Egypt Wants Sinai Peacekeepers to Leave (L-R) U Thant and Nasser pictured in May 1967. Photo: BBC

May 16, 1967

Egyptian President Gamal Abdel Nasser requests that the United Nations withdraw its peacekeeping troops from the Sinai, clearing an obstacle to war between Israel and its Arab neighbors. The Six-Day War begins 20 days later.

The U.N. Emergency Force was deployed after the Suez crisis in 1956 to deter hostilities by acting as a buffer between Israel and Egypt. But because UNEF operates on Egyptian territory, it requires Egypt’s permission to remain, so Nasser’s request has the impact of an order and results in a rapid U.N. withdrawal. U.N. Secretary-General U Thant defends the UNEF pullout based on the consent issue and on the danger peacekeepers would face by remaining in what appears likely to become an active war zone.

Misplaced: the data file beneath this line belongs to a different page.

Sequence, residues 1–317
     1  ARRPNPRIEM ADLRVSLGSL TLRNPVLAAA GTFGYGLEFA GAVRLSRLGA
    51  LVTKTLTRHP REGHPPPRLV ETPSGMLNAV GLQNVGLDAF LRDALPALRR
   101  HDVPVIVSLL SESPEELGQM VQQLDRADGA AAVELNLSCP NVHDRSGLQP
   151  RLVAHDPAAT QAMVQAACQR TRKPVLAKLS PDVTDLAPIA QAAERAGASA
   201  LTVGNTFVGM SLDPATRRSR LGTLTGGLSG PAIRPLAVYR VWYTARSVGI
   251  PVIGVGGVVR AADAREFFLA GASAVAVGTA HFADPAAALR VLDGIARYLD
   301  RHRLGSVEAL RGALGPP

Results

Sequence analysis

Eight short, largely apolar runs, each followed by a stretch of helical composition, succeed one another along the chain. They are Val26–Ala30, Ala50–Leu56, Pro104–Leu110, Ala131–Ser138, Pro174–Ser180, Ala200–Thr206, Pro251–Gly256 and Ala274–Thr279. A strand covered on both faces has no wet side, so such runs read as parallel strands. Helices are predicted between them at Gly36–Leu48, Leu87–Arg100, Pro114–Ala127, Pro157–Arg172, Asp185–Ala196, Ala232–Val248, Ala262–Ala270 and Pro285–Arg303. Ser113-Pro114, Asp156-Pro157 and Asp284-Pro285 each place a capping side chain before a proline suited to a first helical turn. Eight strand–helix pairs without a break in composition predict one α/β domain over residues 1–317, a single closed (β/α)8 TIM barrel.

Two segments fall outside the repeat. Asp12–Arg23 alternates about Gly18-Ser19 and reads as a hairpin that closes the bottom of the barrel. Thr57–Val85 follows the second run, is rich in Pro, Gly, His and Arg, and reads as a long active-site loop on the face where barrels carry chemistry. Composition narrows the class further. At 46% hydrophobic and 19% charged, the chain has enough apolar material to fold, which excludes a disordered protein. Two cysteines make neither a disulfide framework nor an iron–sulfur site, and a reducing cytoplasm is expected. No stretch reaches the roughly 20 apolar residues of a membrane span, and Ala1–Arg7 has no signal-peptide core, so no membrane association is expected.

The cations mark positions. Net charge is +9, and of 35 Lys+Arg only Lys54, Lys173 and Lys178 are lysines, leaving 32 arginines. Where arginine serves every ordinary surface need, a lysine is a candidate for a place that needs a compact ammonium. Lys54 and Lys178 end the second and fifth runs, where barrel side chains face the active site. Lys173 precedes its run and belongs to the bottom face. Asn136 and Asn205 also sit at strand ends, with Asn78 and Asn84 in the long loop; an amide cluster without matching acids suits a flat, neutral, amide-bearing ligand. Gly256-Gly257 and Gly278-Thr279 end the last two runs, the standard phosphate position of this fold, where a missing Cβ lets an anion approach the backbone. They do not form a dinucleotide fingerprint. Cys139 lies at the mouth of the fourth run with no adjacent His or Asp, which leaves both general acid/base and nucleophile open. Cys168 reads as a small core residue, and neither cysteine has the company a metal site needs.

Nasser has received false reports from the Soviet Union that Israel is moving troops towards the Syrian border, and his call for UNEF to evacuate from the Sinai is an effort to gain an advantageous position in case of an attack by Israel. Egyptian forces take positions at the Straits of Tiran and block maritime access for Israel, a development that Israel sees as an act of war. Nasser places Egypt on a war footing, cranks up his anti-Israel rhetoric and moves troops to the border, leading Israel to mobilize its military reserves.

Fearing an imminent attack from Egypt and Syria, Israel strikes first by air June 5 and defeats Egypt, Syria and Jordan by June 10 to triple its land area.